Blog dedicated primarily to randomly selected news items; comments reflecting personal perceptions

Tuesday, March 18, 2014

Beware Slanderous Accusations

"Our intention is that we would like to show her the video and after that we would expect an apology. We had to question all of our co-workers over this and that doesn't feel good for anyone. What's important is that we want to put this whole incident behind us. The public is well aware of our open policy to breastfeeding." 
Madeleine Lowenborg-Frick, Ikea spokeswoman
Dozens of mothers expected at ‘flash-feed nurse-in’ at Ottawa Ikea store
 Brea Rehder says an Ikea employee called her act of breastfeeding her infant daughter in a checkout line on Monday ‘disgusting’. Ikea says it has been unable to find any security video of the incident.  Photograph by: handout photo

A young mother, shopping at Ottawa's Ikea emporium with a friend and the mother's nine-month-old daughter, and purportedly the mother's two-year-old son, accused the store of having insulted her intolerably through the medium of one of their managers' attitude seeing her breastfeeding her little girl while standing in a cash check-out. The manager, whom the young mother summoned to discuss a price she wanted clarified, ostensibly stated: "When you're done being disgusting, we can resume our discussion. In the meantime, take it to the bathroom because you're holding up the line."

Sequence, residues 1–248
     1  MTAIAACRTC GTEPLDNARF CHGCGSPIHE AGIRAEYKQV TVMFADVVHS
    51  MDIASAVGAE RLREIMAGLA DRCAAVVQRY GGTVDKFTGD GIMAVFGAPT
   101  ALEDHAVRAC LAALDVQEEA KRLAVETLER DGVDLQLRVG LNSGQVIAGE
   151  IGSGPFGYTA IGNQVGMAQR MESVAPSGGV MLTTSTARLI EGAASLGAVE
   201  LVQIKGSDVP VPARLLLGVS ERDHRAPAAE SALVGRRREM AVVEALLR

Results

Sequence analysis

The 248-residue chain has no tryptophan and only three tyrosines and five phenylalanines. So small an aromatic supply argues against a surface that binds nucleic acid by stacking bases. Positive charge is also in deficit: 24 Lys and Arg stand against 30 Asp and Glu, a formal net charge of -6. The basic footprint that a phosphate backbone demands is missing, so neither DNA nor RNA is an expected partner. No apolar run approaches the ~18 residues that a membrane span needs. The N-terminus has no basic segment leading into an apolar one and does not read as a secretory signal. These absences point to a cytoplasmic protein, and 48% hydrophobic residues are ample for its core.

There are some people, even shoppers at Ikea, and likely those of a more elderly, less self-absorbed persuasion who might have applauded the reaction of the manager. But a legion of offended nursing mothers, social workers and mothers' 'rights' supporters would most certainly, and in fact, did respond with outrage. And it was up to Ikea to somehow soothe the feelings of those who felt anger over the purported incident. Purported due to the fact that it appears never actually to have taken place, other than in the feverishly offended imagination of the complainant.